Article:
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  5. "Il présente sa femme."

"Il présente sa femme."

Translation:He introduces his wife.

March 6, 2013



can anyone enlighten me on why "He introduces his woman" is marked as incorrect? The two have been interchangeable up until now. Thx


It may be because of the intent behind the sentence. In French, he's introducing his wife as his spouse; it's understood as a respectful introduction. In English, using the phrase "his woman" would be very disrespectful and offensive. So while the words match, the intention behind the sentences do not.


I assume because it's a terrible thing to say in English, no?


Although some people may say it, it is not considered a proper thing to say.


Duo has been consistent with this. When femme is described by a personal pronoun, such as ma, sa, vôtre, it's ttranslated as "wife". Otherwise it can be "woman".


Why isn't "He introduces her wife" valid?


Grammatically, "sa" may indeed be either "his" or "her". However, the French sentence will be understood with "sa" as relating back to the subject of the sentence, « il », i.e., "his wife". If you want to way "her wife", you would say "Il présente sa femme à elle (or the name of the other person).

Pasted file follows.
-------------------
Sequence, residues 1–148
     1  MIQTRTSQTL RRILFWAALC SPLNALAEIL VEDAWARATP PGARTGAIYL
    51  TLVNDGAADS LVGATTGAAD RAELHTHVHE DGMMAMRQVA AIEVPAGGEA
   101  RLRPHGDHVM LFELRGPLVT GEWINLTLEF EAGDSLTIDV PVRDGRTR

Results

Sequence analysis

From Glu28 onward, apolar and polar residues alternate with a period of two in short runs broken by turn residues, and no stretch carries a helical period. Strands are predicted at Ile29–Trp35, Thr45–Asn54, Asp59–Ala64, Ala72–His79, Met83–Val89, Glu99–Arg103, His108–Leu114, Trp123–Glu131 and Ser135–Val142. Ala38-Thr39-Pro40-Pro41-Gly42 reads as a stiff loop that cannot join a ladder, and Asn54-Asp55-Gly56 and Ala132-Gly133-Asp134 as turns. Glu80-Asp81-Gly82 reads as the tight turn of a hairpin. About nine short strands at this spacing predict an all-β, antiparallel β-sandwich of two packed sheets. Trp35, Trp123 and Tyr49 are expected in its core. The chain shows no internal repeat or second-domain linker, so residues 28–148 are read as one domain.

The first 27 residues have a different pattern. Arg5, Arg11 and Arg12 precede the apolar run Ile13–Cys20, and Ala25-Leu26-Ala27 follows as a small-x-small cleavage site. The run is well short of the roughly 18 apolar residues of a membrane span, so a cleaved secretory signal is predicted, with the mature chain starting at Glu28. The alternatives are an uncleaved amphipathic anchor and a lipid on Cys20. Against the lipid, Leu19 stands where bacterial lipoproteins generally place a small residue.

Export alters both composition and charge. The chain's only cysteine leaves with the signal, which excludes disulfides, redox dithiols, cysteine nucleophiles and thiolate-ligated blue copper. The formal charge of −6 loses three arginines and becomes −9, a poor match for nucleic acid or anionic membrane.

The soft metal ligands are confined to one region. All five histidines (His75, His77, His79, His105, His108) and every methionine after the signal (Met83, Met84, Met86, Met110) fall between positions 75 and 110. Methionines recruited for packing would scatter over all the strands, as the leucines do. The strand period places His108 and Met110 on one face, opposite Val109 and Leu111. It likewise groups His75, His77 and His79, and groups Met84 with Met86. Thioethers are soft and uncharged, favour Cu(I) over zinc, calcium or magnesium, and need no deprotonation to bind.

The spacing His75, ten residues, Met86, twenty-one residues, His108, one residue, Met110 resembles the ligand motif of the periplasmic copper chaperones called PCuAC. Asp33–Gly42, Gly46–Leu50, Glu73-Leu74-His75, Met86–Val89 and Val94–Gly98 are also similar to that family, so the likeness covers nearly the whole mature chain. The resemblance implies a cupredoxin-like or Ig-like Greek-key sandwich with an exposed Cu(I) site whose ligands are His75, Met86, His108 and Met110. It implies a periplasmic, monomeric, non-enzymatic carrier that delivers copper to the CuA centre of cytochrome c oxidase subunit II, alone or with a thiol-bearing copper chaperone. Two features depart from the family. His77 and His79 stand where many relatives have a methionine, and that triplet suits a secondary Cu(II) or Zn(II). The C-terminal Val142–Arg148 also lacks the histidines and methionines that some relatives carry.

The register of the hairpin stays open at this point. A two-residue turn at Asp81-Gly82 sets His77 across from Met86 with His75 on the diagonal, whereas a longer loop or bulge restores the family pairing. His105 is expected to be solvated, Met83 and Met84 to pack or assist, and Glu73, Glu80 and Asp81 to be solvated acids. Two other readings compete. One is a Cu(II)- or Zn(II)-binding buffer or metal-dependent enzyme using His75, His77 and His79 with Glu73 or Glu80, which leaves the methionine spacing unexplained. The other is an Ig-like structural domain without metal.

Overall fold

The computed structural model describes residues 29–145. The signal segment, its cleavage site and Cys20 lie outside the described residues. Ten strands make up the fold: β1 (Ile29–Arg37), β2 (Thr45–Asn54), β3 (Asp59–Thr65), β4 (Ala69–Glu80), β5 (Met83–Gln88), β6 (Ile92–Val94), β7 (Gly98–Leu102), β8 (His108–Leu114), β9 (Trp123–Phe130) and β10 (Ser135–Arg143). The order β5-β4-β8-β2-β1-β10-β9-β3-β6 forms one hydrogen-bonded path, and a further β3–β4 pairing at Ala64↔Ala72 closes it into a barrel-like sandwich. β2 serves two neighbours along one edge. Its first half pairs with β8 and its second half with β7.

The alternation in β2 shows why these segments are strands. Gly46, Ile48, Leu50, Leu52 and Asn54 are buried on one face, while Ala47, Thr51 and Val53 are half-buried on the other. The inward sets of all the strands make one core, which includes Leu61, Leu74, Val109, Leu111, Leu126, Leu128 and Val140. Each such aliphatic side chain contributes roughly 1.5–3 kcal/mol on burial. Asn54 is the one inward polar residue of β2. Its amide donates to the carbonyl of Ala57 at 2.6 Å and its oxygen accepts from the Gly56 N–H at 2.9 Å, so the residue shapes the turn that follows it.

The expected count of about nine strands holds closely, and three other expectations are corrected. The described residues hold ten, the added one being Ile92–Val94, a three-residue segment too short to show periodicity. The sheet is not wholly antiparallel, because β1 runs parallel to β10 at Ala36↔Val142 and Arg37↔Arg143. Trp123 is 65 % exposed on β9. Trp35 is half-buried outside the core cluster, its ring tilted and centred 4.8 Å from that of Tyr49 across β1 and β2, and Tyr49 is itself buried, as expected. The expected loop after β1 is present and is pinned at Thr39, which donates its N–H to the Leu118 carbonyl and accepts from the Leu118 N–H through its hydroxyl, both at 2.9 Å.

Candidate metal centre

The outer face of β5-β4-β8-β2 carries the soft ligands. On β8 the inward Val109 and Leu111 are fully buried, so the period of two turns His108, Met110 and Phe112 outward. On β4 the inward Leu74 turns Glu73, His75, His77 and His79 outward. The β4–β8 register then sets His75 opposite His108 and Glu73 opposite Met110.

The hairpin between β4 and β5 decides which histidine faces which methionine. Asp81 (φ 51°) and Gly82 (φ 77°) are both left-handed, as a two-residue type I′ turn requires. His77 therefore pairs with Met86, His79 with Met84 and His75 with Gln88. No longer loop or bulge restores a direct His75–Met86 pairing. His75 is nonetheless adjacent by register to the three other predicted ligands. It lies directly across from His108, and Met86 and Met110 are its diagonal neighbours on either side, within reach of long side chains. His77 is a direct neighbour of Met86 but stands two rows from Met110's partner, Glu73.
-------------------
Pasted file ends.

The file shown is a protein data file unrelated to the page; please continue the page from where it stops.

What does "tabling" someone mean? It's a definition.



"Tabling" means to put something on the agenda at a meeting or raise a topic for discussion.


Should it be 'present' for 'il'? Seems 'presente' is for female



The sentence here is using the verb "présenter".

3rd person singular of the verb in the present tense is "présente" so it is "il/elle présente" as appropriate. The spelling does not change.

If it was the adjective rather than the verb then the spelling would change depending on the gender of the noun giving masculine "présent" and feminine "présente".


Just another point of clarity for verbs: they do not have anything at all to do with gender -- only 1st, 2nd, 3rd person and singular/plural.


Women are not objects to be owned

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